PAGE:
Joel Miller's column: Making it to last

Joel Miller's column: Making it to last


Joel Miller's column: Making it to last


The motorsport midsummer push is in full swing, and the Grand-Am Rolex Series is visiting some great race venues. 

The Six Hours of Watkins Glen at the end of June was a great weekend for us at one of North America’s great road courses, because the No. 00 SpeedSource Mazda SKYACTIV-D Clean Diesel came away with the victory (ABOVE)! This was my third win of the year and Mazda’s fourth in a row using the new Mazda SKYACTIV-D clean diesel technology. The program is constantly improving, giving testament to the hard work by the SpeedSource engineers back in Coral Springs, Fla. As a team, we are closing in on the manufacturers/overall championship and personally I extended my lead in the Rookie of the Year bid.

The next round is on the road course at Indianapolis this weekend. I grew up watching the Indianapolis 500 with my grandfather and when I told him I wanted to drive there one day, he surprised me with a go-kart the following Christmas. Fast forwarding to three years ago I was at the top of Mazda’s Road to Indy program, running Indy Lights in events where I could find the funds and supporters to do so.

My advance up the ladder really began when I won the Stars of Karting ICA Championship presented by the IRL in 2006. This awarded me the scholarship to compete in the Skip Barber National series against names such as Ricky Taylor, Josef Newgarden, and Conor Daly. That season, with five wins to my name, I took the championship and became part of Mazda’s first class of scholarship drivers. This awarded me a full season in the Star Mazda Championship, now called Pro Mazda.

Some may think I skipped the USF2000 level by jumping from Skip Barber to Star Mazda. However, in 2004, I ran the Pacific F2000 championship before funding again became the limiting factor after winning the first round, and I returned to karting to pursue the new scholarships that were available. Needless to say I would have never been able to make it out of karting without winning various scholarships and championships. The last championship in the ladder system was Indy Lights and the possible opportunity for Indy. If you are wondering about the Star Mazda Championship, well, come find me in the paddock and we can chat about it!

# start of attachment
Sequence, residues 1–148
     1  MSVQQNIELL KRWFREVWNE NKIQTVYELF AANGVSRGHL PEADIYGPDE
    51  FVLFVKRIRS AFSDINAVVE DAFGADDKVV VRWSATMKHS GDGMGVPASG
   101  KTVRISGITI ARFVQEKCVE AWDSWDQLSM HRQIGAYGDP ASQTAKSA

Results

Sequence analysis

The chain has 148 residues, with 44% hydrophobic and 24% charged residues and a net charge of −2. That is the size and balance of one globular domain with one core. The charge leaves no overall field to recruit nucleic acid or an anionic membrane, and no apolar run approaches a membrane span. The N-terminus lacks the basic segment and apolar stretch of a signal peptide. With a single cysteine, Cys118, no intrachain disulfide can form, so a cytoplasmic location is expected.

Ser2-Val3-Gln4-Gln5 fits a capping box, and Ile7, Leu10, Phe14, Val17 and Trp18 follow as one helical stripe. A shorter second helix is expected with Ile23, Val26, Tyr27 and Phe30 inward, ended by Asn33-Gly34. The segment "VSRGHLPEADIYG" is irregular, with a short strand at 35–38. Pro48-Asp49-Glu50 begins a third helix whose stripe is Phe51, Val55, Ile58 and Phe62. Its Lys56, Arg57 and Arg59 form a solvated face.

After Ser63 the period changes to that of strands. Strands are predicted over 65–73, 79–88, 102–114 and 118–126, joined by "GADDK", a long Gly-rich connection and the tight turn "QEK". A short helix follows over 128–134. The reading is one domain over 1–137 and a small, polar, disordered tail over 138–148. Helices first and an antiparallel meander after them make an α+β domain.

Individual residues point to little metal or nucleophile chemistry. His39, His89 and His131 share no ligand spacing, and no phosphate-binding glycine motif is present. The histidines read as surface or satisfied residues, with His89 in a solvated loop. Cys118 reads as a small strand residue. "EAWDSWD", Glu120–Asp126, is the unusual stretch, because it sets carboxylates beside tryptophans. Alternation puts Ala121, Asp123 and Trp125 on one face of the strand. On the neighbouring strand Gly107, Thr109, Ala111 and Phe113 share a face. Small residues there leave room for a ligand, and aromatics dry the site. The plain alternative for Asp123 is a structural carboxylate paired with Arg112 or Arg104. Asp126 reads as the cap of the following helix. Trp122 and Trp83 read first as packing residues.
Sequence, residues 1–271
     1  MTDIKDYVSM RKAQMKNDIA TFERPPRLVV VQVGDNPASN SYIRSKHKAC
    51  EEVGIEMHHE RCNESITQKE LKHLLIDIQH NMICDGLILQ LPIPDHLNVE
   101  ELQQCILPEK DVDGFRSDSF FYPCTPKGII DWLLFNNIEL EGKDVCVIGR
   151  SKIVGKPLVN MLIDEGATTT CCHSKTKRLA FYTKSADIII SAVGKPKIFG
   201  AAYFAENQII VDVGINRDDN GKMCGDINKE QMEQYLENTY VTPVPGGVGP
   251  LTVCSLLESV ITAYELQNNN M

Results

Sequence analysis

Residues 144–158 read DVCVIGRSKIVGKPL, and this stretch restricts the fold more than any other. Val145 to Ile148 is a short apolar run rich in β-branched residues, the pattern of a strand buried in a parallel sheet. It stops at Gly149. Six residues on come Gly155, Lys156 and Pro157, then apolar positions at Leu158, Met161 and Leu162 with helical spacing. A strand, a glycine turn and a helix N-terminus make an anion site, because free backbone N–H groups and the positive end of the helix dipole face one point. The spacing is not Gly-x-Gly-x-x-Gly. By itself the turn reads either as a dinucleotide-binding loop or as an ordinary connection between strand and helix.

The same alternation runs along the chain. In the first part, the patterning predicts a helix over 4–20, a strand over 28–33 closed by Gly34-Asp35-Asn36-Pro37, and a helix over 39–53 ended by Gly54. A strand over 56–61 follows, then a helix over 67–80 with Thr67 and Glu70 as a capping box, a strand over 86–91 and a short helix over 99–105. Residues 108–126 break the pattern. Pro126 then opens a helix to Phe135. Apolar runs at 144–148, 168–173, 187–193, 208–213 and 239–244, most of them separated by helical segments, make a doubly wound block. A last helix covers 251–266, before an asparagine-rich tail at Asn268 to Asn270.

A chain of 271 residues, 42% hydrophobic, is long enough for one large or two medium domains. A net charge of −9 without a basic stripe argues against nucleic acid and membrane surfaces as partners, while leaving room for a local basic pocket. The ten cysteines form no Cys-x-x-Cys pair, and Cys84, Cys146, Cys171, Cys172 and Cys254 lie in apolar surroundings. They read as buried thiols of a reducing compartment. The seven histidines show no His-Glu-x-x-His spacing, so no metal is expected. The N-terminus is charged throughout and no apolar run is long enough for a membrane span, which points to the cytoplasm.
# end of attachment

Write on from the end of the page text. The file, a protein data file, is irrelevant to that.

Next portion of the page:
In the three years from 2010 to 2012, it was tough finding funds to continue the goal I told my grandfather when I was six. On last-minute deals with no testing, I was able to do a few Indy Lights races and am extremely thankful to the team owners who made that possible: Dan Andersen, Bryan Herta, and Neil Enerson. It was tough watching the Indy Lights races at Indy during those years but other things were in store; I would put to use the valuable assets learned from my days competing in open-wheelers.

From 2010 to 2012 it was a time of perseverance and not letting people forget about me, namely those at Mazda who provided the scholarship opportunities. Whatever it took to get to the track, whether it was driver coaching, attending the closest race to home to walk the paddock, or whatever else I could think of, I did it. Even to the point of getting back in a kart, with my dad as a mechanic, at the SKUSA SuperNationals in Las Vegas and sitting on the pole with a third-place finish in the biggest karting race in North America.

In my early karting years I was told that at some point the question will come up: “How bad do you want it?” My response was, “Whatever it takes.” So many individual stories could be written from those three years but I really could not tell you which ones were key in placing me where I am today. It was all of them combined, because maybe if one item was missing the opportunities would not have come.

Last year, a few days before Christmas sitting in a bagel shop, I received the call I had been dreaming about for a long time. That night I booked my flights for the start of the season at Daytona.

So, how does all this tie into Indianapolis? It was 19 years ago that I told my grandfather I wanted to race at Indy and now, in a Mazda sports car, it will happen. It will not be on the famed oval but on the road course previously used by Formula 1. This will not be my first laps on the road course because I was able to get a few laps around the circuit in an Indy Lights car in 2011. However, that was a practice session and this time it will be going for a win!

Of course, we have our goals with the SpeedSource Mazda SKYACTIV-D Clean Diesel program which take priority, but for me it will be extra special crossing the bricks. Hard work, learning from the bumps along the way, and staying dedicated to the sport that I love kept me in the game. Mazda provided the path up from karting and again it provided the opportunity for me in sports cars where I have found a new home with the SpeedSource team. This weekend will be special and I continue to look forward to what is next with Mazda.

Round eight in the Grand Am Rolex Championship takes place Friday afternoon and can be viewed live on SPEED. Make sure to tune in and look for the very bright No. 00 SpeedSource Mazda SKYACTIV-D Clean Diesel going for the brand’s fifth victory in a row.

A fun fact: Our entries will be the first diesels to return to Indianapolis since the Cummins Diesel Special ran in the Indianapolis 500. The first person to contact me via Twitter and/or Facebook with the year that occurred will receive a signed hat from this weekend’s event at the speedway. If you would like to follow me, it is @joelmilleracing on Twitter or my Facebook fan page, Joel Miller Racing is the best way. See you there!

Until next time…

– Joel